# Coefficient of x^3

1. May 15, 2008

### Stacyg

Find the coefficient of x^3 in the expansion of (2x^2-3/x)^3

I know how to do simple coefficients using pascalles triangle but I really don't know how to do this.
Any help would be much appreciated.

2. May 15, 2008

### Tedjn

Write it as

$$(2x^2 - 3x^{-1})^3$$

From Pascal's triangle, you know how to expand

$$(a+b)^n$$

What can you replace with a and what can you replace with b?

3. May 15, 2008

### rock.freak667

$$(2x^2-\frac{3}{x})^3$$

$$(\frac{1}{x}(2x^3-3))^3$$

4. May 15, 2008

### Tedjn

Oh, that's a nice way of doing it :)

5. May 15, 2008

### rock.freak667

Usually (well for me), a binomial expansion is usually done with a variable and a constant.

as for $(a+b)^n$ is valid for $|\frac{b}{a}|<1$ But if a and b are variables, you'll have to do some fancy algebra to get the range for which it is valid.

6. May 15, 2008

### Dick

Why is it only valid in some range??? I also don't see why you need to factor the original. (a+b)^3=a^3+3*a^2*b+3*a*b^2+b^3. Just put a=2x^2 and b=(-3/x), figure out which term is the x^3 term and evaluate it.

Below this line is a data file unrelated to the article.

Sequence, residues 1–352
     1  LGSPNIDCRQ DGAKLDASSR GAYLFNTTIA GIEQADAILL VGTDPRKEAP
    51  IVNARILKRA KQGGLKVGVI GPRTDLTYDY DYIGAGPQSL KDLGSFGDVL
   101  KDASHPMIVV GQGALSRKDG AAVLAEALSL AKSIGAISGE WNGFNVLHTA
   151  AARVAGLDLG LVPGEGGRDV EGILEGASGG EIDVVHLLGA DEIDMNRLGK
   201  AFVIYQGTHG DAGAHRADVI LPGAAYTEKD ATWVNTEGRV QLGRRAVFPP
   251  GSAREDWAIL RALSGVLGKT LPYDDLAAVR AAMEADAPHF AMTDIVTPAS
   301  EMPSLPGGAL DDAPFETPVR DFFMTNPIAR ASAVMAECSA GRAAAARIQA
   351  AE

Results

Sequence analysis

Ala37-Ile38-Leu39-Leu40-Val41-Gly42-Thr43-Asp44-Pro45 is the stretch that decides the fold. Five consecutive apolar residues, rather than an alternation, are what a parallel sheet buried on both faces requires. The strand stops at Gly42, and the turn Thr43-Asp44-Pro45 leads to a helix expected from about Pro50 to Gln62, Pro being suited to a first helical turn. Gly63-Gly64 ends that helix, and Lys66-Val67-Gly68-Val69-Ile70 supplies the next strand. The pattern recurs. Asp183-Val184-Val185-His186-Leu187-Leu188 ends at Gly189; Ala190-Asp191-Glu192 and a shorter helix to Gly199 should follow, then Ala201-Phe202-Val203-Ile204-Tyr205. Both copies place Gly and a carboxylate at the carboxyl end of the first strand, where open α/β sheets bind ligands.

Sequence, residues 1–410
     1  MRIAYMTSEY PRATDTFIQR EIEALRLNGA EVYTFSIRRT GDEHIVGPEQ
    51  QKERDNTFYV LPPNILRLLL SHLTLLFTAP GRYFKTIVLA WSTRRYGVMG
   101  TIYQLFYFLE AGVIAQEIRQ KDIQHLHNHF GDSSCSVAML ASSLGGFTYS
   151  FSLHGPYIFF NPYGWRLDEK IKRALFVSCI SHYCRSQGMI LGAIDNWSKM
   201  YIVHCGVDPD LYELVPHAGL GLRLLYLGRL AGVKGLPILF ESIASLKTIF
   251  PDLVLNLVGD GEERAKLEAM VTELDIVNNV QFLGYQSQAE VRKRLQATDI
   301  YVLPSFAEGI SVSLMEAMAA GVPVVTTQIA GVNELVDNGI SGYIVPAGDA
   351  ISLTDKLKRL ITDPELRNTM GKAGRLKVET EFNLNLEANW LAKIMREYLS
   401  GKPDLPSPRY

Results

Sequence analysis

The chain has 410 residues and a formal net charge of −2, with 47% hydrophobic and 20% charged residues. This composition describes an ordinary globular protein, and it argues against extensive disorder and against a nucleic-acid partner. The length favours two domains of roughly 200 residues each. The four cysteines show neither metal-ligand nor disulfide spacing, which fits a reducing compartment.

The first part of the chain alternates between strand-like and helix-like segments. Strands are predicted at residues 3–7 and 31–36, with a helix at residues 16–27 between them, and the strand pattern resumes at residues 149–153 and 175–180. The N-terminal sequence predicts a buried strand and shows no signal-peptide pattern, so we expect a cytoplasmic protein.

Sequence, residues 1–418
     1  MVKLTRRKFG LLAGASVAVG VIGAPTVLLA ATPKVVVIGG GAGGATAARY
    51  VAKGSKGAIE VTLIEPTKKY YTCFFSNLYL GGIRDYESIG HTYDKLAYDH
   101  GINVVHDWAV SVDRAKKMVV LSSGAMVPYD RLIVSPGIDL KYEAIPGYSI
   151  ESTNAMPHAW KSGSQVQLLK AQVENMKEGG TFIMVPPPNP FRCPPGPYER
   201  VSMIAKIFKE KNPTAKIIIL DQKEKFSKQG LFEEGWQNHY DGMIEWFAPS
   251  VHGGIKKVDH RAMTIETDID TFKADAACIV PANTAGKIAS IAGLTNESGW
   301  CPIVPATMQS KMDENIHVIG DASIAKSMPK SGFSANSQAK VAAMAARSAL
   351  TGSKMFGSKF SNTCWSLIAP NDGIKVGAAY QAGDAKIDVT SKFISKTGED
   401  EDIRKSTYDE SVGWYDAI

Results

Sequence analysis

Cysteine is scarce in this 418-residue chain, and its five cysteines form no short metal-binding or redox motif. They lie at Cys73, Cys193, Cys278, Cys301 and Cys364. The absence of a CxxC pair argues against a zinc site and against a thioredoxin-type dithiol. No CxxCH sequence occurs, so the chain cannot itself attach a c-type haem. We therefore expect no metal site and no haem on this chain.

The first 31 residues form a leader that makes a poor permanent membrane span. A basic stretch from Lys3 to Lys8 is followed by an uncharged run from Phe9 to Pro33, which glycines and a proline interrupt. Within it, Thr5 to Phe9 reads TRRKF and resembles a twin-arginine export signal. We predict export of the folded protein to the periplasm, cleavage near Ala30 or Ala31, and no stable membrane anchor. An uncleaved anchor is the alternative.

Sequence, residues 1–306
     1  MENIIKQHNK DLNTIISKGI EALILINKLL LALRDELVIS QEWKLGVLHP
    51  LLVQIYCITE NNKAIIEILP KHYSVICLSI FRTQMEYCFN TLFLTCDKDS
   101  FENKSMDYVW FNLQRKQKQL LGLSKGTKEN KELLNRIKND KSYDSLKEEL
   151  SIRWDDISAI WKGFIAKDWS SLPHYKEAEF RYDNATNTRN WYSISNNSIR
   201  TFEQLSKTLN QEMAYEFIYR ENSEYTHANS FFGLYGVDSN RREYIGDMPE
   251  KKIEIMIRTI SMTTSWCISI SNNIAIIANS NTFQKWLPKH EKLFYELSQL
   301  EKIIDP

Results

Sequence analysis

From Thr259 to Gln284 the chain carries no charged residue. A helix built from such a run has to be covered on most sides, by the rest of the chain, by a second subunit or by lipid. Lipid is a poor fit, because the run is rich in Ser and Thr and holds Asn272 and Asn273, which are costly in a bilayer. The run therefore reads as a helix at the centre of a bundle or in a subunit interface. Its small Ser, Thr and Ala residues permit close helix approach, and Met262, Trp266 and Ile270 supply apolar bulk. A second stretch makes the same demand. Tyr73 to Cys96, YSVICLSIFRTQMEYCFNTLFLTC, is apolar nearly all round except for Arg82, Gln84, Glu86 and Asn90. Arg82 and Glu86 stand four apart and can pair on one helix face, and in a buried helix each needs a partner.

7. May 15, 2008

### rock.freak667

That's what I was taught.."validity of a binomial"

8. May 15, 2008

### Dick

Got a reference? If you are thinking of the convergence of the infinite series for negative exponents, that is something to think about. But this is a positive exponent, the series is finite. There are no convergence issues.

9. May 15, 2008

### BrendanH

Besides, we're dealing with polynomials in the case of (a+b)^n

10. May 15, 2008

### Dick

Yeah, that's what I mean by finite series. You could also just forget about pascal's triangle and multiply it out. The power is only 3.